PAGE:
Legislatures in Wyoming have proposed tough marijuana laws specifically addressing edibles due to the flood of cannabis-infused edibles spilling into the state from Colorado. Marijuana is illegal in Wyoming but quite legal in the neighboring state of Colorado.
Current law considers possession of more than 3 ounces of cannabis flowers a felony, carrying a prison sentence of up to 5 years. Two bills are being proposed to establish more specific marijuana laws by the legislatures. One bill decriminalizes marijuana by giving first- and second-time offenders less time for felony marijuana possession. The second bill would keep 3 ounces of cannabis flowers a felony while adding possession of 36 ounces of liquid marijuana to the list of felony offenses.
Police Chief of Laramie, Dale Stalder, says that someone in possession of more than 3 ounces is selling the drug and not using it for personal use. But 3 ounces of raw marijuana flower is much less when it is combined with flour or water to make cannabis-infused edibles and drinks. Rep. Charles Pelkey (D) argued that the proposal would make felons out of people who only have a few cannabis-infused drinks in their possession in Wyoming, calling it a fundamental problem. Pelkey also says that the lawmakers have wasted far too much time debating the issue and it’s past time to decriminalize marijuana in the state.
State Attorney General Says Proposal Addresses Safety
Wyoming Attorney General John Knepper says that the strict proposal reflects the dangers attributed to marijuana edibles by law enforcement officials in the state. The tough stance is because law enforcement sees dangers with edibles. People frequently eat more than the recommended dose and experience extreme psychological effects which cause them to go to the emergency room. Attorney General Knepper added that by using an indulgent ingredient like chocolate to make edibles, the cannabis industry tapped into an effective way to market marijuana-laced treats that are also unsafe for the consumer.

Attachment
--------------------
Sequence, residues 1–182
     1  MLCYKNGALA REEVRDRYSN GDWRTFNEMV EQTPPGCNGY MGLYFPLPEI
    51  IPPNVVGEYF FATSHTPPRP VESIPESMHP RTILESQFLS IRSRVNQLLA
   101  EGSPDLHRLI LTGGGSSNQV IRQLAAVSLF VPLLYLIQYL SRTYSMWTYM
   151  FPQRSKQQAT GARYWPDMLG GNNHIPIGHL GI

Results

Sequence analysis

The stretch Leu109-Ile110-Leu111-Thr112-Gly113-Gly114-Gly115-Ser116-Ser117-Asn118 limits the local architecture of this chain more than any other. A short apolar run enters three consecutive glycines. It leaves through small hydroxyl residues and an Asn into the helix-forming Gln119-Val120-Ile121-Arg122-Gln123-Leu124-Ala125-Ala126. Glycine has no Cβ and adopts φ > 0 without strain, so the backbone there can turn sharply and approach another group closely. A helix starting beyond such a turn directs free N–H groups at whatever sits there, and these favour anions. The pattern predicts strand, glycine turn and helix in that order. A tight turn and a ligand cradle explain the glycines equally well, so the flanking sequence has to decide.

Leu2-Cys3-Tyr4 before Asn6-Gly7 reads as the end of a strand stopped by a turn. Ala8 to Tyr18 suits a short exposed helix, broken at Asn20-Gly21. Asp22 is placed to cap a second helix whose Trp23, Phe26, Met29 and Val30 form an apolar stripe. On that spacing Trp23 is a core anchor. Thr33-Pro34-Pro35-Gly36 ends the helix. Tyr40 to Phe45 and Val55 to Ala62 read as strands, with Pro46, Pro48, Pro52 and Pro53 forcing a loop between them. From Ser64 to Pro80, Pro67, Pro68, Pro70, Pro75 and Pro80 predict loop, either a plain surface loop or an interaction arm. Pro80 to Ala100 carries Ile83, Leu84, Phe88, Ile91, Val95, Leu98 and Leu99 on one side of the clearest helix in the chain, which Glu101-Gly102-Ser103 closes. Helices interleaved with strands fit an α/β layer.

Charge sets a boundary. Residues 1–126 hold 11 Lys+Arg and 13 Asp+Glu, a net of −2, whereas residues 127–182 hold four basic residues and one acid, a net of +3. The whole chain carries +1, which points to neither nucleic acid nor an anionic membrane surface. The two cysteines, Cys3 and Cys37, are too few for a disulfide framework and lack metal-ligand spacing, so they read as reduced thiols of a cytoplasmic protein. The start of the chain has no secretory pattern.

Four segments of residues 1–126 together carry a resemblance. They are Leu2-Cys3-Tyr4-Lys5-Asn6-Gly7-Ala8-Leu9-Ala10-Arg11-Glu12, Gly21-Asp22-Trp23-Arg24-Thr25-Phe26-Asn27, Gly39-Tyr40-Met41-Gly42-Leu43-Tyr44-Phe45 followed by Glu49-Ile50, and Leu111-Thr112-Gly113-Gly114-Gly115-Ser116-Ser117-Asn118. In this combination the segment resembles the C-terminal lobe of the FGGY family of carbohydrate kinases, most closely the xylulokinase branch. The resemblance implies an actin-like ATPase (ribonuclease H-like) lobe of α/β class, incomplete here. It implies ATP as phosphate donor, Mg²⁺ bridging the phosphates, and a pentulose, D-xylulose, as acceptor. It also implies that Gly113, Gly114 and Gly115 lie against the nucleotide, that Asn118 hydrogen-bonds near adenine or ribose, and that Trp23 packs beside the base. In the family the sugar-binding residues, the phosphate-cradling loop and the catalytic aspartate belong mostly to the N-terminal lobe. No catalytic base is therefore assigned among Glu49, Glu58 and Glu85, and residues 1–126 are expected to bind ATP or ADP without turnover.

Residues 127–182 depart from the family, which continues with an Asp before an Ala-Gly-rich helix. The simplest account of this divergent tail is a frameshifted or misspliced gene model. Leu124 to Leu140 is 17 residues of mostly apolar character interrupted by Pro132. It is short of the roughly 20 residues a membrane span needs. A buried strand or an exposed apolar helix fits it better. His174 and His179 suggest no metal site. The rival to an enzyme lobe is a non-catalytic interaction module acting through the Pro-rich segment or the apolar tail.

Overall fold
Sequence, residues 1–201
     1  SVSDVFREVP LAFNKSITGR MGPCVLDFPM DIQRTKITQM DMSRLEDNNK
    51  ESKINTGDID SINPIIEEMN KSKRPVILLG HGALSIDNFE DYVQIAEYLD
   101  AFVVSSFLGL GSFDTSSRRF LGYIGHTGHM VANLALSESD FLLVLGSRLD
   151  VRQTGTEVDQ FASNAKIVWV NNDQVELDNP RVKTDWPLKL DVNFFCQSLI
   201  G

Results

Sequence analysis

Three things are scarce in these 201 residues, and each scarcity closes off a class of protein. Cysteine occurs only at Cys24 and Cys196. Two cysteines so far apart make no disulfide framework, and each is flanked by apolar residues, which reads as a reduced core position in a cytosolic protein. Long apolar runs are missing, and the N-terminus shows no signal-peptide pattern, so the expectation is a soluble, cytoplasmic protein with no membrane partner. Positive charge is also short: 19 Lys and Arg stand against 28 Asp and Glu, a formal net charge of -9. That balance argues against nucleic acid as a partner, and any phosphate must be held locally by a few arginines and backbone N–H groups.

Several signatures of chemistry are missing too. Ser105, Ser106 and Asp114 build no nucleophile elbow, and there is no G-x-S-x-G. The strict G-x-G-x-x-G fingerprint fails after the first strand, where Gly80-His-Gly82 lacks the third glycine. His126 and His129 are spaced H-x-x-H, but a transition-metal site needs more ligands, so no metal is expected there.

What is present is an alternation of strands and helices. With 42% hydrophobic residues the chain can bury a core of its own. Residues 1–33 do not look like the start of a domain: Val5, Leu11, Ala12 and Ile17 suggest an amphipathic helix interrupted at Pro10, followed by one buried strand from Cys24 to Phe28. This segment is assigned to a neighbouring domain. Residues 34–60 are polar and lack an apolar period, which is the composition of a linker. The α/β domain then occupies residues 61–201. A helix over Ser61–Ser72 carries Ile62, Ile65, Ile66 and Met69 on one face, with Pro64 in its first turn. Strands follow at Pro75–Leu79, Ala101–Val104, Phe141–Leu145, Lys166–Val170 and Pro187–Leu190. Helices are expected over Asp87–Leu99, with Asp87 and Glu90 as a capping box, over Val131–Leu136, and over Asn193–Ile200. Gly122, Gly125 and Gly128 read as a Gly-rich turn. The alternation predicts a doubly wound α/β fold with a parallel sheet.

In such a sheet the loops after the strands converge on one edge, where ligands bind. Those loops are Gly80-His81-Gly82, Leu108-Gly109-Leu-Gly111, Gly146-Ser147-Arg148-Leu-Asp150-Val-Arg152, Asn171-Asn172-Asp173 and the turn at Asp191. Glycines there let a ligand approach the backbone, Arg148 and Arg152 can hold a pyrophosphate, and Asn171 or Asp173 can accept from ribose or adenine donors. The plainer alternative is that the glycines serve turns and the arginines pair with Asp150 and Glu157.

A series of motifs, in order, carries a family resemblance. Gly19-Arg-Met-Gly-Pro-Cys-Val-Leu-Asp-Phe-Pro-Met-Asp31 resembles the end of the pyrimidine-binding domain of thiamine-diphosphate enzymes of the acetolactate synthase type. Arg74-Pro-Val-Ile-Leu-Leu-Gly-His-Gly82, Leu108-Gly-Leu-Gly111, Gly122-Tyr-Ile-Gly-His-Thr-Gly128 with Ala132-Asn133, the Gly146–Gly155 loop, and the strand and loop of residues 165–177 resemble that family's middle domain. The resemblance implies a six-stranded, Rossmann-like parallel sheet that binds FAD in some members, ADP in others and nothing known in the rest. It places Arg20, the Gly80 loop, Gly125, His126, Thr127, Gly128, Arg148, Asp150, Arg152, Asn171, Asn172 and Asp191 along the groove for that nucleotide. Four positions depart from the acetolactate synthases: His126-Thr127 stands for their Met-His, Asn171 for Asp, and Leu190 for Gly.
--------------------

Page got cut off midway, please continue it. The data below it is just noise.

A defense attorney in Laramie, Mr. Cole Sherard, says that he worries that numerous felony arrests will occur as a result of a new law for possession of minimal amounts of weed, saying that the new laws should be based on levels of tetrahydrocannabinol (THC), the psychoactive ingredient in cannabis. He added that there is plenty of existing research that lawmakers could use to educate themselves about the amount of THC in edibles that would enable them to establish fair regulations.
Selling a Dime Could Get You a Dime Up the River
Wyoming is famous for its harsh marijuana laws. Even possession of marijuana paraphernalia in the state could get you 6 months in jail, the same penalty as cultivating marijuana, and a $750 fine. Selling any amount of marijuana in the state is a felony that could earn you a 10-year prison sentence and a $10,000 fine.
Lawmakers in the state have sought to change the laws since 2015 after two judges made rulings that there is no penalty specific to cannabis-infused edibles and dismissed the cases. The Legislative Joint Judiciary Committee in Thermopolis proposed bills amending current marijuana laws to include specifications on edibles in 2016 and in 2017, failing both times to get legislation passed.
Testing THC in Edibles Poses Challenges
Laboratory crime experts say that analyzing THC in edibles is difficult and that the equipment is expensive. They also say measuring the THC in flour, cocoa, and sugar poses challenges in separating the THC from each ingredient.
Legislatures also disagree on the amounts of cannabis-infused edibles that should qualify as a felony. Some legislatures proposed a couple of ounces, with others saying that a pound should constitute felony marijuana possession. The legislatures are drafting a new bill and will make another attempt to clarify marijuana laws on cannabis-infused edibles at the legislative session in February.